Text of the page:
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A private well owner in Crystal River has answered a state water regulator's questions about why he needs permission to take another 177,300 gallons of water from the ground each day.

Heatherwood Investments LLC, headed by Frank A. Scudder Sr., on May 23 submitted its response to the Southwest Florida Water Management District (SWFWMD), summarizing why its plant at Northeast 11th Street needs to withdraw up to 254,000 gallons per day (gpd).

SWFWMD asked Heatherwood to justify the need for the increased withdrawal, and to explain how surrounding roadways would be able to handle higher tanker traffic and impacts to spring flow stemming from the increased use.

According to Heatherwood’s response, drafted by Andreyev Engineering, Inc. out of St. Petersburg, Heatherwood’s expecting current and prospective clients to raise water demand up to a total 323,600 gpd.

“Even though the permittee’s clients would like to purchase more water, the permittee intends to withdrawal only the amount requested in this application,” wrote Vivian Bielski, a project geologist for Andreyev Engineering.

SWFWMD has 30 days to review Heatherwood’s responses before it decides on Scudder’s permit application.

Since SWFWMD first granted the company a water-use permit in 2014 to withdraw up to 76,700 gpd, Heatherwood has been pumping out less than 1,000 gpd from its site, according to SWFWMD.

Heatherwood, a supplier of bulk water, asked SWFWMD for the increase on Feb. 14, and the district responded on Feb. 22 with an eight-item questionnaire.

Crystal River City Council members have opposed the permit application, and agreed earlier in May to hire an attorney to assist the city as it contests the application.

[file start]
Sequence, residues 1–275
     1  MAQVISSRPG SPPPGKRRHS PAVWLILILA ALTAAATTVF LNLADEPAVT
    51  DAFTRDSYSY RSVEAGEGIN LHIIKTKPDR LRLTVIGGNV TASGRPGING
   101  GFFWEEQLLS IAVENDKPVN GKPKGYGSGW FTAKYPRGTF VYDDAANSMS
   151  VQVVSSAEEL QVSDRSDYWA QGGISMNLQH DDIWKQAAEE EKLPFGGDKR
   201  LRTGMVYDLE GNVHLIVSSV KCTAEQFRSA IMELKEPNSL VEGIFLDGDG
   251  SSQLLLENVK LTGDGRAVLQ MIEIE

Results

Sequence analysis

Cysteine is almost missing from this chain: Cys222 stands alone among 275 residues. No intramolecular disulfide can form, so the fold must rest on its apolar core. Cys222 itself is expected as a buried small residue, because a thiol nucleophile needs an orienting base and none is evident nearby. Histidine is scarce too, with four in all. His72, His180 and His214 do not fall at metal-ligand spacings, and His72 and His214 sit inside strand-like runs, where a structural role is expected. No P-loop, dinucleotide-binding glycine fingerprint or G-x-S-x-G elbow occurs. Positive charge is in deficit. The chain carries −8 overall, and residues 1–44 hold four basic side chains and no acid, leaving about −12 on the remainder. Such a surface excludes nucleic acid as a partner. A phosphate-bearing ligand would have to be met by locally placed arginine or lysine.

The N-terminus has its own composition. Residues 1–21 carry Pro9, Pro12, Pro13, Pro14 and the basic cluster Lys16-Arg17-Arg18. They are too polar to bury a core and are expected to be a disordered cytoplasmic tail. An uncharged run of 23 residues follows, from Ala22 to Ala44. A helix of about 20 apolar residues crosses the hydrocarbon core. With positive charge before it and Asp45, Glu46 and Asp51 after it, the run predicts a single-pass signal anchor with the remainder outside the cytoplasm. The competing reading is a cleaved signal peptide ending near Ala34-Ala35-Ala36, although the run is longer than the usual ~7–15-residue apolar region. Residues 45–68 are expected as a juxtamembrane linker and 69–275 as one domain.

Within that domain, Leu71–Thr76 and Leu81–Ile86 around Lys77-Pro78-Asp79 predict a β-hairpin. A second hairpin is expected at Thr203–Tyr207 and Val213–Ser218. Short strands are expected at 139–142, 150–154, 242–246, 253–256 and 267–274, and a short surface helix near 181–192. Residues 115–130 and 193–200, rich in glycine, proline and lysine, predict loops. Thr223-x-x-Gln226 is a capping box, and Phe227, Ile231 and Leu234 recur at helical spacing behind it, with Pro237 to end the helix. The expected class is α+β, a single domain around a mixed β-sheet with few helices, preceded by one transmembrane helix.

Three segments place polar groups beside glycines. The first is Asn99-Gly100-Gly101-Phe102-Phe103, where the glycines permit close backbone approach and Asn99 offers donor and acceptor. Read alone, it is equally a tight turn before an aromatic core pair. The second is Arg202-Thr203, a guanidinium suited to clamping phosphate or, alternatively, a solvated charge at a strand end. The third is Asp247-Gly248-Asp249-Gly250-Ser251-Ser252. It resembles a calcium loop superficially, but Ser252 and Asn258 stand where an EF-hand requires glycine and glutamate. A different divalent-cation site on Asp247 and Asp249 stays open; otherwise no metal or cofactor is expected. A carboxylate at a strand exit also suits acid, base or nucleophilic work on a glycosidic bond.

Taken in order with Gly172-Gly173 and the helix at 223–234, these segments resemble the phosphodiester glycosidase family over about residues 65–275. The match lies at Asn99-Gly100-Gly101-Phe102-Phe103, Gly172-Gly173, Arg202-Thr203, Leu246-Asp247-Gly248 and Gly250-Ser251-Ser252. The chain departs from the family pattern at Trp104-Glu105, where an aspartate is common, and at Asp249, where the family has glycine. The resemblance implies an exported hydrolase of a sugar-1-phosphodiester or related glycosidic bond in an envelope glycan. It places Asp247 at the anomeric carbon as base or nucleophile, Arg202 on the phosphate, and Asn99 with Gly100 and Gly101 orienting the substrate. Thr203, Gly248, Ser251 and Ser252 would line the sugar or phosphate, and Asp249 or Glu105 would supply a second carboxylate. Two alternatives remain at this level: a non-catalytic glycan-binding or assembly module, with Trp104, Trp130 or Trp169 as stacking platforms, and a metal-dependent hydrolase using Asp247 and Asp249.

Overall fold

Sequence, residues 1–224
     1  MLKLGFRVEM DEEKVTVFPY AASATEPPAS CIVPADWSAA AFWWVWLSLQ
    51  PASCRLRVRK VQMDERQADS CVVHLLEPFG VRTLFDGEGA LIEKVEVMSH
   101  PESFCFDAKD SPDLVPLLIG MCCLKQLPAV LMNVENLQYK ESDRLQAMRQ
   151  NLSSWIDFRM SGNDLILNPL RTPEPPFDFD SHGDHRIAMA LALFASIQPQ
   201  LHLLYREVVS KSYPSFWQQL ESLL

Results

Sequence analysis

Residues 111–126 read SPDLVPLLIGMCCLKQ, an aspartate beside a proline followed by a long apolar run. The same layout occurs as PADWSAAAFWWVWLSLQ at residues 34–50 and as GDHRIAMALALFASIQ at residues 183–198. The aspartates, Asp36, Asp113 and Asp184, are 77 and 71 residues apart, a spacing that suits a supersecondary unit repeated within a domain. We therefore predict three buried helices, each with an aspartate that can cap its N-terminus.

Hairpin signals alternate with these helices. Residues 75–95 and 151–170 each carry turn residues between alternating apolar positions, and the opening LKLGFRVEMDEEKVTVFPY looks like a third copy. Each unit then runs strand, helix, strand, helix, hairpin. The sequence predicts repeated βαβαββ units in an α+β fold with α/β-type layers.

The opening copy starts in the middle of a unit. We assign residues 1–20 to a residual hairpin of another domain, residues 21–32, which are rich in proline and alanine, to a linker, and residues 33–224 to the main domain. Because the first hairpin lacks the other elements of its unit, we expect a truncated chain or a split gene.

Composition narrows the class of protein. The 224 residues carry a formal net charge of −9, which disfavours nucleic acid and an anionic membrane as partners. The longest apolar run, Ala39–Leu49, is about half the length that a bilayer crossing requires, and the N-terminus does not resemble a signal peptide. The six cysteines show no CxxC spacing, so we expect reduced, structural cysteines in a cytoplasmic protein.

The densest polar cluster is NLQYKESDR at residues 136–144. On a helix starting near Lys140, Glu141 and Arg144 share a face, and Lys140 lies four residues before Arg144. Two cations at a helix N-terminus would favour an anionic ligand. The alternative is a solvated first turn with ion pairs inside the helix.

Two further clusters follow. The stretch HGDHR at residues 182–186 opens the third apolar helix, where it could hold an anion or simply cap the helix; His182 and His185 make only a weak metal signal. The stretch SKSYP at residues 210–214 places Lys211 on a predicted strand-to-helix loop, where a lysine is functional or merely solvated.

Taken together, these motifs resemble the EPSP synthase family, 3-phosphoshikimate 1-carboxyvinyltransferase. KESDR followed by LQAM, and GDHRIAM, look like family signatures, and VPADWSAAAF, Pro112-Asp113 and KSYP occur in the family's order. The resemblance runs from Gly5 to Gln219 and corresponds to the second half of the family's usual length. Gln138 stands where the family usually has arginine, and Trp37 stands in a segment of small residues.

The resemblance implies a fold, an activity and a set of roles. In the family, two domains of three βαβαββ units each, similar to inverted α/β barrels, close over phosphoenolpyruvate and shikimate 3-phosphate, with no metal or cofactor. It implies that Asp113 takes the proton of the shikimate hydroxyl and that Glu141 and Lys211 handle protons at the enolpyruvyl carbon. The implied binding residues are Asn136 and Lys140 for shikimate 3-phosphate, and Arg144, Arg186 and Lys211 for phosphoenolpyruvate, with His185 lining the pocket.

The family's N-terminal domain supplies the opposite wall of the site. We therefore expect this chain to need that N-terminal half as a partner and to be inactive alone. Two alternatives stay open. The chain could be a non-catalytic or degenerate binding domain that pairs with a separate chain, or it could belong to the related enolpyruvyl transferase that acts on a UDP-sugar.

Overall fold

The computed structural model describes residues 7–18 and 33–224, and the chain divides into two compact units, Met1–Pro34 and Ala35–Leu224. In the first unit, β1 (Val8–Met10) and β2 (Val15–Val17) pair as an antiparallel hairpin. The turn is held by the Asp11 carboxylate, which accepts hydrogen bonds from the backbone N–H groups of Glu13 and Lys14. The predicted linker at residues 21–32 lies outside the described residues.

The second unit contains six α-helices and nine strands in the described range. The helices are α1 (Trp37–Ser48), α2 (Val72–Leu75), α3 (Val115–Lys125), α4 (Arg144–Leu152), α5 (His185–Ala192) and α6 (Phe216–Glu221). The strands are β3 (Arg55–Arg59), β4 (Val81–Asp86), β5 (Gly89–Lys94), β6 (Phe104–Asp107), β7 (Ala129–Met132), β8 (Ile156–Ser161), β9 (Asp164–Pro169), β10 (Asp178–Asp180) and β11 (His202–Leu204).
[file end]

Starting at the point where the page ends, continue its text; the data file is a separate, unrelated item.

If SWFWMD approves Scudder’s permit, the city has 21 days to prove to the state agency that the increased consumption is in violation of Florida’s administrative code.

City Manager Ken Frink said Tuesday his staff is reviewing Heatherwood’s application and subsequent response to SWFWMD to see if they comply with city ordinances.

“This does not a show a need for that much water,” Frink said.

Ken Frink MUG

Ken Frink

Heatherwood and Andreyev Engineering provided few details about how Heatherwood’s clients would use the water.

“It is the business of those clients whom they utilize for bottling of this bulk water product and the permittee, as a bulk supplier, is not privy to the all of the bottling facilities they will utilize,” Bielski wrote. “The Permittee has also signed non-disclosure agreements with the contracted clients and therefore, cannot provide specific contracts detailed to the district for public access.”

It’s estimated that 48 tankers will fill up each day for six days a week to transport the proposed withdrawals, equating to 14,976 trucks accessing the site annually by way of Citrus Avenue and Northeast 11th Street.

Heatherwood provided SWFWMD with documentation showing that it had paid for Crystal River to widen Northeast 11th Street and improve surrounding utilities in January 2015 to better withstand heavier vehicles, according to prior Chronicle reports.

Andreyev Engineering also shared data with SWFWMD that it argues shows Heatherwood’s proposed water withdrawals would have minimal impact to the groundwater flow rate of the Crystal River springs system.

“A predicted impact that is so small that it can be considered below detection level” is how Bielski characterized the affect of the additional withdrawal in Andreyev's report.

Citrus County commissioners voted 4-1 Tuesday to send a letter to the city supporting its position against the permit application.

Commissioners noted the well is 3,143 feet from the southern boundary of an area just north of the city that in 2016 received a central water system funded by the state, after tests showed high levels of arsenic in 25 percent of the wells tested there. The area covers about 400 homes.